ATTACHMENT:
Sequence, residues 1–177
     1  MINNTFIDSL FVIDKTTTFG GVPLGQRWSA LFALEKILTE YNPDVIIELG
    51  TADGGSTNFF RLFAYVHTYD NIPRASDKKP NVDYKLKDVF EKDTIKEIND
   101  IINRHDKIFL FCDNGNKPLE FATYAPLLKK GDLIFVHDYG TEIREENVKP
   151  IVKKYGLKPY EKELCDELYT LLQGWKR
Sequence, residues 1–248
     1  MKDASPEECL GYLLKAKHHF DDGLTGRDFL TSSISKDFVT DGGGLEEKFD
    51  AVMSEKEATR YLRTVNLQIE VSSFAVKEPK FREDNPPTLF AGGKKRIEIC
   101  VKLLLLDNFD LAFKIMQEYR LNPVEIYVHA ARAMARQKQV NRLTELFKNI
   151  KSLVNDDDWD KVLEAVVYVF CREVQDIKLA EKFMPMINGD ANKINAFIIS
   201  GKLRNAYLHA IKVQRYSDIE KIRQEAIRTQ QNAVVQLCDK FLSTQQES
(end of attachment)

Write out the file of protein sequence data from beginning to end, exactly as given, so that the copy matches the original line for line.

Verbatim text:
Sequence, residues 1–177
     1  MINNTFIDSL FVIDKTTTFG GVPLGQRWSA LFALEKILTE YNPDVIIELG
    51  TADGGSTNFF RLFAYVHTYD NIPRASDKKP NVDYKLKDVF EKDTIKEIND
   101  IINRHDKIFL FCDNGNKPLE FATYAPLLKK GDLIFVHDYG TEIREENVKP
   151  IVKKYGLKPY EKELCDELYT LLQGWKR
Sequence, residues 1–248
     1  MKDASPEECL GYLLKAKHHF DDGLTGRDFL TSSISKDFVT DGGGLEEKFD
    51  AVMSEKEATR YLRTVNLQIE VSSFAVKEPK FREDNPPTLF AGGKKRIEIC
   101  VKLLLLDNFD LAFKIMQEYR LNPVEIYVHA ARAMARQKQV NRLTELFKNI
   151  KSLVNDDDWD KVLEAVVYVF CREVQDIKLA EKFMPMINGD ANKINAFIIS
   201  GKLRNAYLHA IKVQRYSDIE KIRQEAIRTQ QNAVVQLCDK FLSTQQES